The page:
April 30, 2008


I've been reading an interesting book about globalization, language and the French by Denis M. Provencher and came across a section that rang true. You see, each morning on my way to work, I pass this McDonalds. At first I felt really embarassed by it. I don't really know why I internalize or think that I have anything to do with it, but sometimes I take my nationality personally. So do they (the French, I mean).

Anyway, Provencher discusses the ongoing tension between France and the United States in the context of globalization and American hegemony. I feel this tension from time to time with my students when I teach. The other day, for example, one student was discussing television programs and said, "Well, TV is getting worse and worse the more you send your programs to us." The possessive pronoun 'your' was an interesting choice and I wasn't quite sure it fit. But I'm sure she just meant American programs, so fair enough.

All this tension started after WWII when America had its hands in numerous countries, in the rebuilding effort. Provencher points out that in France, General de Gaulle set up the Ministry of Culture (in 1959) in reaction to all of this, which was created to preserve and fortify French culture - to transmit it to the masses in France. De Gaulle had a big part in preventing too much privatization in France; he nationalized gas, electric, coal, insurance companies, banks and airlines.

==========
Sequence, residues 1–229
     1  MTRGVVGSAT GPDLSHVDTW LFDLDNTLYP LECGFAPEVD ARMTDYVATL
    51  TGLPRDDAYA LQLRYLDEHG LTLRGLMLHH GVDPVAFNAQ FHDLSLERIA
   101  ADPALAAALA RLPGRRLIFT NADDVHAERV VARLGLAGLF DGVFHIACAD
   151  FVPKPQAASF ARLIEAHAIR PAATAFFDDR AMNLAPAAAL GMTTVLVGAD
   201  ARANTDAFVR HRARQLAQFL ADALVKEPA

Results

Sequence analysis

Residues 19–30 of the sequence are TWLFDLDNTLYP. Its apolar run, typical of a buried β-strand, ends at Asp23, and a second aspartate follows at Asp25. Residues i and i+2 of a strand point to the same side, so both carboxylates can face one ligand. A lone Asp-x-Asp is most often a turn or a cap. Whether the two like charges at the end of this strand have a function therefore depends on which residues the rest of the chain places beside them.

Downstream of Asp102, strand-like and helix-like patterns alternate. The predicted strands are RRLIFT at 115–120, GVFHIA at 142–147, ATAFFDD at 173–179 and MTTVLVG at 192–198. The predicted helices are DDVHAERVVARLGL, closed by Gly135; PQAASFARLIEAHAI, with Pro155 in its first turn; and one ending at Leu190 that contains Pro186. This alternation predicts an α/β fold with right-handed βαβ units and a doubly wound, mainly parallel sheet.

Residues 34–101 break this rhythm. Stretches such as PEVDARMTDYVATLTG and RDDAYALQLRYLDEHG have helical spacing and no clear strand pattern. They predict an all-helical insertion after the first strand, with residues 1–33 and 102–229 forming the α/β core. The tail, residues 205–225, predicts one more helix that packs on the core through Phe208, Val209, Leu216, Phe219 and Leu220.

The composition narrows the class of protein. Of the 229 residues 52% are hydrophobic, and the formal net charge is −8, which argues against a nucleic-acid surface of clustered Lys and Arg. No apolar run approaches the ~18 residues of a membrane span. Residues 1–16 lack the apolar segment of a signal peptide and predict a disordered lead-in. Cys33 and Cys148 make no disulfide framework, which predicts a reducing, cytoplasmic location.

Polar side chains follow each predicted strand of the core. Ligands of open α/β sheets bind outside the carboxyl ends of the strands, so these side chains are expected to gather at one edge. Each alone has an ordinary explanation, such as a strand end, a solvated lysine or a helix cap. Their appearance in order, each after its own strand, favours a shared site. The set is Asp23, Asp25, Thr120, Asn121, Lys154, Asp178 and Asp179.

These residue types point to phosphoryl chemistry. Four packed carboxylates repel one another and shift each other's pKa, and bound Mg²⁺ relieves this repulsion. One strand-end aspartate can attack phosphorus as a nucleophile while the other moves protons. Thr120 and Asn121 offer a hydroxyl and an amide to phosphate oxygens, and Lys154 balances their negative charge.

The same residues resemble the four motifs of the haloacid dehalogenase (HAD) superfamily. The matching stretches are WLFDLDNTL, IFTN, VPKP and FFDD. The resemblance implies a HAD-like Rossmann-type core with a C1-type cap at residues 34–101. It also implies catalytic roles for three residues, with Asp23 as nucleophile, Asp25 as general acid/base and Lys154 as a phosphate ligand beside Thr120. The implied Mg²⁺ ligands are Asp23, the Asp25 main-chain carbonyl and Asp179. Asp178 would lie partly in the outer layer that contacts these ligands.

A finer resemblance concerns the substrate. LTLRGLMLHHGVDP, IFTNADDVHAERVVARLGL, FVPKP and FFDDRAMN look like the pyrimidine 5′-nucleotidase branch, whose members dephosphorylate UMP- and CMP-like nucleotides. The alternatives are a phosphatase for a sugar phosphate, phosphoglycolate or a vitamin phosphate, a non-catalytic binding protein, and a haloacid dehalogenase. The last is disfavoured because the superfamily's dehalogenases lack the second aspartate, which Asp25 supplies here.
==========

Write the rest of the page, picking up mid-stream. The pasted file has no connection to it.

Back to McDonalds. Globalization is part and parcel of the 20th and 21st centuries - transnational companies are everywhere. But what is interesting, perhaps, and what is not so frequently noticed is the way particular cultures localize the process. Check out our little McDonalds above. They even serve the McCroque - the globalized version of le croque monsieur, the famous french ham and cheese sandwich. So, as Provencher insists, local Frenchness persists even through American hegemony - a process he calls "Glocalization." I love it.

1 comment:

Maria Petrova said...

ha! i love it. it must not be fun being blamed for every us-french trade agreement! but knowing you, sense must have come on gracefully. great concept — thank you for sharing.

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